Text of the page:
John Muir once said, “Of all the paths you take in life, make sure a few of them are dirt.” Becoming nature deficient is easy in a world increasingly dependent on technology and convenience. However, taking time to bask in nature by hiking is an important and fun way we can get outdoors, with or without our troops. Aside from just being a fun Girl Scout activity, hiking has a plethora of positive benefits to offer. From physical and mental health benefits to earning some Girl Scout nature badges, here are our many reasons why hiking is good for you and your troop! 

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Physical Health 

As we know, getting outdoors and hiking both have many positive effects on our physical health. Balancing green time and screen time has become increasingly vital as technology becomes more prevalent in our daily lives, and so much of our day is spent inside. Getting outside does not have to mean committing to a full-day backpacking trek. This can mean a 15-minute walk around your local park. Micro hikes are a great way of getting outdoors and do not require extensive planning. 

Mental Health  

Hiking can allow girls to connect with themselves and nature. Being surrounded by beautiful outdoor landscape and breathing in fresh air can be a nice mental break from their usual routine and the stressors of life. Making time to deliberately spend time hiking in outdoor spaces has been shown to decrease stress and anxiety. Americans on average spend a staggering 93% of their time indoors. Providing girls with opportunities to get out in nature is important to offset this average. Additionally, hiking has been shown to boost creativity and allow for greater productivity. With mental space to create and brainstorm solutions to current problems, this sets girls up to become stewards of their own communities and outdoor spaces. 

Learn about Outdoor Ethics 

Experiential learning is a crucial component of outdoor experiences. When a girl is hiking and camping, they take ownership of their experience and take on the responsibility of leaving no trace. Understanding “leave no trace” principles enables girls to recognize the value of protecting animals, their environment, and preserving this experience for others. An easy way to practice leave no trace is to leave an area cleaner than we found it. This may look like collecting trash along the hiking trail (or neighborhood block) or snapping pictures of wildflowers instead of picking them. This will instill in Girl Scouts to take pride in their public spaces and to ensure the positive experience for others.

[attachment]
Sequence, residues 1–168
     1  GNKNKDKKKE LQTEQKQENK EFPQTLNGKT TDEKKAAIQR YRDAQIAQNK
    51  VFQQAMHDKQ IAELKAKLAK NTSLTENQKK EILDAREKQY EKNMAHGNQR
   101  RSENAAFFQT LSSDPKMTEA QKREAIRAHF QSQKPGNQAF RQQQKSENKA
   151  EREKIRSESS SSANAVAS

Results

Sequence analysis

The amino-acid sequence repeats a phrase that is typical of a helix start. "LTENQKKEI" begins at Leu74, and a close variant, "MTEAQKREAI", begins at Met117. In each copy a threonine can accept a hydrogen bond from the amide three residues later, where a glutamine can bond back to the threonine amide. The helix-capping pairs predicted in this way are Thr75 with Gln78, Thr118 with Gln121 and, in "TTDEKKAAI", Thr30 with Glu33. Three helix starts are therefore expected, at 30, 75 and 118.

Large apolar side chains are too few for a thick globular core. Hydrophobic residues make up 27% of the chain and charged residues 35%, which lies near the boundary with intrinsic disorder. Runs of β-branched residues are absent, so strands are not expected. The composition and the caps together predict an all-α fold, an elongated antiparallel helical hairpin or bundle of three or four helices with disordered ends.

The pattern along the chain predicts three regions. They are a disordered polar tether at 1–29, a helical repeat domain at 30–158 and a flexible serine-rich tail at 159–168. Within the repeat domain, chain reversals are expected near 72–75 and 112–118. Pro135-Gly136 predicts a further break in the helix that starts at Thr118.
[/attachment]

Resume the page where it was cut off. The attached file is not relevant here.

Respect, Empathy, and Inclusion 

Teaching young people values such as respect, empathy, and inclusion for one another can be a complex endeavor. But getting girls outdoors can provide them with a unique opportunity of learning and practicing these values while observing wildlife. When going on hikes, it’s a time for observation, discovery, and exploration. Animals all look different just like we do, and those differences should be celebrated! It’s important that we don’t disrupt their routine, just like we wouldn’t want them to disrupt ours. While we are in the outdoors, we are in their home, so it’s important that we are being respectful of them. When we educate our groups to honor and celebrate differences among animal species, from creepy crawlies to adorable mammals, they will grow an appreciation for wildlife and become more compassionate individuals. If young people are learning to be empathetic towards animals, naturally, they will tend to also be empathetic towards other humans.  

Get Out, Girl Scout! 

A great place to start getting outdoors is your local county or regional park. There are many great resources on local county and regional park websites about hikes, activities, and interpretive materials. You can find local maps and hiking trails here. Ensure that the trail or park is open prior to visiting because a Girl Scout is always prepared! 

As we all know, a Girl Scout is always prepared! In order to be prepared for a trail adventure, be sure to look into appropriate supplies to pack, such as water, a snack, sunscreen, and more. Depending on the length of time you are planning to be out, this list may change, so do your research anytime you hike a new trail. 

Badges 

If your troop is interested in getting outdoors and hiking, be sure to check out some of our outdoor hiking and trail badges. All badges can be purchased online through our GSNorCal retail store. Together, we can build girls of outdoor confidence, competence, interest, and environmental stewardship. 

 

All hiking and trail badges include opportunities to: 

  • Choose an outdoor adventure/hike 
  • Plan and collect needed gear for adventure 
  • Setting your plan into motion by going outdoors! 

What To Do Next 

  • Check out ways to Get Outdoors on our website. 
  • Shop the GS NorCal retail store for any outdoor gear. You and your Girl Scout can stay hydrated with our hydration pack or water bottle selections
  • Check out the GSNorCal Girl Scouts at Home page to see how to get outdoors locally. 
  • Encourage girls to use their knowledge and leadership skills to plan a younger girl outdoor hike or overnight trip. 
  • Explore our other outdoor activities and ideas for Girl Scouts on the Trailhead

Arri DeJesus—Arri is the STEM & Adventure Manager for Girl Scouts of Northern California, where she manages the development, implementation, and evaluation of innovative camp and adventure events and STEM program. Prior to working at the NorCal council, she worked at camp through Girl Scouts San Diego. When she is not working out of the Alameda office, she enjoys being outdoors biking, hiking, and taking photos.